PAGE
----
However, you don't want to eat food for the sake of eating food. Ideally, eat a well balanced diet that closely follows the food guidelines for athletes. The key is to increase your caloric intake by about 500 calories (30 grams from protein) compared to a diet that allows you to maintain weight. This will add about one pound per week.

Scarpulla has had great success helping his athletes gain muscle rapidly. Here are a few simple tips he's found to be highly effective:

  • Do not skip meals. Young athletes often do not take in nearly enough calories to support their fast metabolisms and high levels of physical activity.
  • Keep your macros in check. You don't need to count calories, but it's important to get sufficient amounts of protein, carbs and fat. About 1 gram of protein per pound is more than sufficient. Get about 30 percent of your calories from fat and the rest from quality carbohydrates.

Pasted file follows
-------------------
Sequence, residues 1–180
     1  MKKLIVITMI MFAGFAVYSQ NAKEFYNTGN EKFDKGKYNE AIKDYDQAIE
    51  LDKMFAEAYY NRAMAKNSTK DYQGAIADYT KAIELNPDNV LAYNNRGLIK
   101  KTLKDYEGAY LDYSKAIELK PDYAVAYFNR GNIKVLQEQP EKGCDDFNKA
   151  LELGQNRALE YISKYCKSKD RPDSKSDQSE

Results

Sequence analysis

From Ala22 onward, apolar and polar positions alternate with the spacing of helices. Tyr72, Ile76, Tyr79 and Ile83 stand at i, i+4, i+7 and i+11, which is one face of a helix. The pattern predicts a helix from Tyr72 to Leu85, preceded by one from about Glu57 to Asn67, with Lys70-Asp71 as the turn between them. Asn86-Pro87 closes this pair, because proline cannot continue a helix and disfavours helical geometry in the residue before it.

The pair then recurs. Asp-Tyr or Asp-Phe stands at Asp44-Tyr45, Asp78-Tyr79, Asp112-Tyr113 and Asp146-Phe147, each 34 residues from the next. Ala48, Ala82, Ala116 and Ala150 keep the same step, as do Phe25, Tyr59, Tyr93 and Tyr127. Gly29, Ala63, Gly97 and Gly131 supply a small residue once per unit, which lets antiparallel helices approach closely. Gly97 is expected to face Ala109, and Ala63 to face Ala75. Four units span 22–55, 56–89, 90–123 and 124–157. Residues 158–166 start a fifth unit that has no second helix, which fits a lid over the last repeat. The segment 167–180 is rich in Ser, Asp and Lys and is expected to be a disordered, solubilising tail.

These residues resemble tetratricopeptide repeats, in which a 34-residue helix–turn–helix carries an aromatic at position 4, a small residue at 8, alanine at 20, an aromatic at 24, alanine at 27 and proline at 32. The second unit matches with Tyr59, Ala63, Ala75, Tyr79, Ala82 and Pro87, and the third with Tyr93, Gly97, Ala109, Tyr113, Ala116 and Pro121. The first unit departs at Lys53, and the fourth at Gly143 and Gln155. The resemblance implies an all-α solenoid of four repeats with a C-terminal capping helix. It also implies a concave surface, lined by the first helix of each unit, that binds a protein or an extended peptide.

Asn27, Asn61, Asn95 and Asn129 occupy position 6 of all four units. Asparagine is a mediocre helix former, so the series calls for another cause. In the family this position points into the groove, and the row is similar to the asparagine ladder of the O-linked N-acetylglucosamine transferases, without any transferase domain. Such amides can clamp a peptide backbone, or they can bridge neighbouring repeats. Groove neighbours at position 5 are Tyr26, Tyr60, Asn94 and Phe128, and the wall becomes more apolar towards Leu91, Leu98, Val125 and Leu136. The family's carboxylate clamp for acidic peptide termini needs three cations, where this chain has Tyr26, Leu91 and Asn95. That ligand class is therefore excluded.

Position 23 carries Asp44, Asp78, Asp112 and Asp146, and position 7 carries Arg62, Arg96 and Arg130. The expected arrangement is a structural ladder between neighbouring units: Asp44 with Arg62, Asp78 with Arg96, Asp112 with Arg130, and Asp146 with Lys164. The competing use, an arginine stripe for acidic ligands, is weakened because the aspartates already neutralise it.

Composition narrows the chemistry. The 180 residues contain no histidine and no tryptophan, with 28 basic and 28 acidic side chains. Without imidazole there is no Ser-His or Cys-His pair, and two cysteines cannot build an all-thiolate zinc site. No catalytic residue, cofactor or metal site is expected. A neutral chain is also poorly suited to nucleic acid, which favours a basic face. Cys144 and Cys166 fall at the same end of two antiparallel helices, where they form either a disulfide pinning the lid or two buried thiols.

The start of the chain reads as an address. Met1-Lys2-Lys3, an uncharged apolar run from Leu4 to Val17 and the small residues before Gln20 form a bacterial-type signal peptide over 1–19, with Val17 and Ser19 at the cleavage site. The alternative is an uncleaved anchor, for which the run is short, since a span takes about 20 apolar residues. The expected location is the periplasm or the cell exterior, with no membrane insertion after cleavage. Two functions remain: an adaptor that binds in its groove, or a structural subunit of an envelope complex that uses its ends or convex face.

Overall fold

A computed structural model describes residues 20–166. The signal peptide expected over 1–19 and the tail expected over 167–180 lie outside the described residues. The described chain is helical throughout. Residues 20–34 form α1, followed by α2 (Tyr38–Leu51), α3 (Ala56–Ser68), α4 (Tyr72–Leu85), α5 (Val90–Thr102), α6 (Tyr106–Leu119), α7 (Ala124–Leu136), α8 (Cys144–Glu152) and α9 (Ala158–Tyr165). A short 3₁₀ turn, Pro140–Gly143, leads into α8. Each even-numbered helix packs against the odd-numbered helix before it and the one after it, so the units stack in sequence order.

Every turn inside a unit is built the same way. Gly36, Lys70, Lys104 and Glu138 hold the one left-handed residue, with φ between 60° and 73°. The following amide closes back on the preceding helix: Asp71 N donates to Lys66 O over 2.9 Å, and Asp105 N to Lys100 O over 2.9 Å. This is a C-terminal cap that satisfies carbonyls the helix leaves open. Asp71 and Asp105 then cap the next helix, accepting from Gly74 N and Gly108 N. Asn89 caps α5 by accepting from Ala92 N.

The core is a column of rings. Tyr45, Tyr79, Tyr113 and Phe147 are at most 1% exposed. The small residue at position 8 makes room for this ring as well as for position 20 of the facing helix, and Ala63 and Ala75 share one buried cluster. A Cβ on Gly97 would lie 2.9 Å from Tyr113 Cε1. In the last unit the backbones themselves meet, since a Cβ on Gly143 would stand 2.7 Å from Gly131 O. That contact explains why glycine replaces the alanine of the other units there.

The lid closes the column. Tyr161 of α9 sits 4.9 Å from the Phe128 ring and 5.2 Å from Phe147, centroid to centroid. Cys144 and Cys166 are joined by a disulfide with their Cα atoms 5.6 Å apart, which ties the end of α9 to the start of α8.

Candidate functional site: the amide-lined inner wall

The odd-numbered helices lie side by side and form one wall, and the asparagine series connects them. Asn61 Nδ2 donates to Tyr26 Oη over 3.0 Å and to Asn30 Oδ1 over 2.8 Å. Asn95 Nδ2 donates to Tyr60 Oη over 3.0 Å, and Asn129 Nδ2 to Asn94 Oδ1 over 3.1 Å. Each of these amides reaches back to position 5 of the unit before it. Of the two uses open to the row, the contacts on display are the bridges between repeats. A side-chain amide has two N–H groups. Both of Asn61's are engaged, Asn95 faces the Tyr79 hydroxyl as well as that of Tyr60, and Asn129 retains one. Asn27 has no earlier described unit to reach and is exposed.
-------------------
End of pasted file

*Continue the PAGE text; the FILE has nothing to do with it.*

• Eat high calorie foods. Nuts, seeds and avocados are great options to increase your caloric intake. Scarpulla's go-to recommendation for his athletes is trail mix.
  • Eliminate sugar. Cut added sugars out of your diet unless you consume them immediately after a workout. Added sugars are wasted calories that do nothing for you.
  • Eat consistently throughout the day. Make a few peanut butter and jelly sandwiches in the morning, cut them into four squares and have two of them between classes.

Again remember, this is a slow process. You'll likely add some fat during this process simply because you are eating more food; but with a comprehensive strategy, it's possible to add healthy weight that can contribute to your performance.